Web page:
Begich Told to Hold Hearing on Coast Guard. The begichcommandant of the Coast Guard says the nation must decide what level of pollution cleanup response capability it wants the agency to have in the Arctic. Adm. Robert Papp says that right now, the agency has none. Papp spoke Friday in Anchorage at a U.S. Senate subcommittee hosted by Sen. Mark Begich. The Alaska Democrat chairs the Commerce Committee's Subcommittee on Oceans, Atmosphere, Fisheries and Coast Guard. Juneau Empire 


Watchdog Group Slams EPA's Scientific Integrity Proposal While Defending Polar Bear Scientist. The EPA released a draft of its scientific integrity proposal last week in response to President Obama's 2009 directive that agencies adopt rules prohibiting political interference with science, promoting transparency and extending whistleblower protection to scientists.  But Public Employees for Environmental Responsibility (PEER), says the proposal fails to achieve any of those goals. "EPA has put forward by far the weakest scientific integrity rules of any agency. In many ways, it is a big step backward," PEER Executive Director Jeff Ruch said. Fox News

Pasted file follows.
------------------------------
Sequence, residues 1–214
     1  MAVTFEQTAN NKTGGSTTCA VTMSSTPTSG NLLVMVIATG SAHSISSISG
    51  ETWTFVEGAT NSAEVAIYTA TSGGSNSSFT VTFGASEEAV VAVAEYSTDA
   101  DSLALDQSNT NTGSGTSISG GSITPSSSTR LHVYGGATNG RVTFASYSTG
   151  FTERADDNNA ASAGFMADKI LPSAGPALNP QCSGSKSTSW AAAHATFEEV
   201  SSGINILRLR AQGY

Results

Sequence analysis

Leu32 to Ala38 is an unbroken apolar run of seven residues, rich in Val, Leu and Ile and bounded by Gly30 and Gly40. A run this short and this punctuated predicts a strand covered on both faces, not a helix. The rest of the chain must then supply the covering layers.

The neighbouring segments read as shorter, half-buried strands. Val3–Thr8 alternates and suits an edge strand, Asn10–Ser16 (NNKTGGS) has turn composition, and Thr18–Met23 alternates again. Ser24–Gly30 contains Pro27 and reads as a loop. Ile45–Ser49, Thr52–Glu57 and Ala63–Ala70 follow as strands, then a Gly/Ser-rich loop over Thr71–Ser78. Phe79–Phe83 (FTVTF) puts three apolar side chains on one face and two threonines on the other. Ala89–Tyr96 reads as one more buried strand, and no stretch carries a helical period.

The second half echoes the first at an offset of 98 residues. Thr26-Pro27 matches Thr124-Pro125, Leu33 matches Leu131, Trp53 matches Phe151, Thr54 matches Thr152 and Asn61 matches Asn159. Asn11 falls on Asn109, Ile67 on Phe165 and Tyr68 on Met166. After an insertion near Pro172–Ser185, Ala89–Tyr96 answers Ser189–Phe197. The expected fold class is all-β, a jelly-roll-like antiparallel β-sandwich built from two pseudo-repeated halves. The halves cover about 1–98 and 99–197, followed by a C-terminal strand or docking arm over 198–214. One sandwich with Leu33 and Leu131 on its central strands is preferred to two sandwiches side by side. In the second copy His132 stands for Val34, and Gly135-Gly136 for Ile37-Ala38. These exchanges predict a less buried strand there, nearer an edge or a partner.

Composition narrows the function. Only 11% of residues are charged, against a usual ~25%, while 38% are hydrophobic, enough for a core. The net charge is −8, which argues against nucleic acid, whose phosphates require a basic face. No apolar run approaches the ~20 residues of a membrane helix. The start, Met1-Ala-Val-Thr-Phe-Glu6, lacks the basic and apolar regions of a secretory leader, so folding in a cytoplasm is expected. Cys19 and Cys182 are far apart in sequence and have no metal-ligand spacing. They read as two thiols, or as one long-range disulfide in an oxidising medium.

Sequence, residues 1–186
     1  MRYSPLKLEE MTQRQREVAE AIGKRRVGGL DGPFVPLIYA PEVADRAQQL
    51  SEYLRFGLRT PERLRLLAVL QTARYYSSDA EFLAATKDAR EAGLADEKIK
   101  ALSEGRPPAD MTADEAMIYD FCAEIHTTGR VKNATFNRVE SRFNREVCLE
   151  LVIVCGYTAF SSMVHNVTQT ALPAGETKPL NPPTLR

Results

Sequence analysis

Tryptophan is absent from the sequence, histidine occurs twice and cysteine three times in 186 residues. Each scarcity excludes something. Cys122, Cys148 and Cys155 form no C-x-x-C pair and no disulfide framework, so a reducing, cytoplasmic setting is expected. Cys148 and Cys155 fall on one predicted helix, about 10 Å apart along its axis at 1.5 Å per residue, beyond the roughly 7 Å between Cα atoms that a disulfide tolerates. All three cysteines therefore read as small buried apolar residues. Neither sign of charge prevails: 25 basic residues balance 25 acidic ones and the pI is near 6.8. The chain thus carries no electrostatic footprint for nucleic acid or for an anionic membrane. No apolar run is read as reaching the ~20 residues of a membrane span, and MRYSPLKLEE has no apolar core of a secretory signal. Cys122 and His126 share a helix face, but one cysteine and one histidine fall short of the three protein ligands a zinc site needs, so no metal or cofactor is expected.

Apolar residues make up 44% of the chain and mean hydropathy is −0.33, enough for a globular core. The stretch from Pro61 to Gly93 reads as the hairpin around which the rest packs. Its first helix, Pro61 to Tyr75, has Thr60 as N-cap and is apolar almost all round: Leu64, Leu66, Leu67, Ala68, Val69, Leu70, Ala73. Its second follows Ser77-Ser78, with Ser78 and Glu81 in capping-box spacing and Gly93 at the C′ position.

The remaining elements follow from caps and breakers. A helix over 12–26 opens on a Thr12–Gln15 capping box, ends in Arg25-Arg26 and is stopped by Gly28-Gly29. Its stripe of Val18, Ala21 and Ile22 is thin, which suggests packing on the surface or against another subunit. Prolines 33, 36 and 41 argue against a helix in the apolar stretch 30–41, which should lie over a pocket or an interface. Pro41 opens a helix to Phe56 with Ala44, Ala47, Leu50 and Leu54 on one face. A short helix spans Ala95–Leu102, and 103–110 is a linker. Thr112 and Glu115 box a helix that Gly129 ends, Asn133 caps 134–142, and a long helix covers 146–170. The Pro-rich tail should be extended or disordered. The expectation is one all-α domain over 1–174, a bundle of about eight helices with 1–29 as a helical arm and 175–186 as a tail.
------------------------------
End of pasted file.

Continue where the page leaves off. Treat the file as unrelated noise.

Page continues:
Might Commercial Space Tourism 'Take Off' in the Arctic? NASA's space shuttle program officially ended with two highly publicized final flights in July. And with that, human beings moved another step closer to something that some have dreamed about for years -- commercial space flight. Sweden wants in on the action, and one Swede in particular. Since 2007, a consortium has been working on a major project that would make Kiruna, the northernmost city in Sweden, Europe's first place for space tourism. It's called Spaceport Sweden. Alaska Dispatch  

Legislative Actionfutureevents  


No Arctic legislation was formally considered Friday.